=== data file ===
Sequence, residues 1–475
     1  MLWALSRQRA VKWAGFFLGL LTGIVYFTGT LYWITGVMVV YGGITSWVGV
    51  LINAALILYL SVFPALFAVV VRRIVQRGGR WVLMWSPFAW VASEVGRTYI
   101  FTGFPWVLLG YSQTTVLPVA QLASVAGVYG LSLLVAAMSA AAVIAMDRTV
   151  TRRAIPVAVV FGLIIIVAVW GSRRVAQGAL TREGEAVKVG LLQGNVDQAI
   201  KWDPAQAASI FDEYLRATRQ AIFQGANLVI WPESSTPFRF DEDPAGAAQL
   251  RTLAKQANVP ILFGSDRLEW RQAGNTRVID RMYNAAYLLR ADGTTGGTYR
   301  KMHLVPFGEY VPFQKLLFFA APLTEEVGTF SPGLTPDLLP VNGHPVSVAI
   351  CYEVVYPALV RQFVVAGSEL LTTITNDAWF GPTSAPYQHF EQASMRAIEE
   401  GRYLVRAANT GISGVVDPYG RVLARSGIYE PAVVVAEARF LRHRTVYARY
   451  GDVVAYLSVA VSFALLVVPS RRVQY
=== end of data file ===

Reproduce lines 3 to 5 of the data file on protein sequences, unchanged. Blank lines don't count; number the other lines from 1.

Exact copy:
    51  LINAALILYL SVFPALFAVV VRRIVQRGGR WVLMWSPFAW VASEVGRTYI
   101  FTGFPWVLLG YSQTTVLPVA QLASVAGVYG LSLLVAAMSA AAVIAMDRTV
   151  TRRAIPVAVV FGLIIIVAVW GSRRVAQGAL TREGEAVKVG LLQGNVDQAI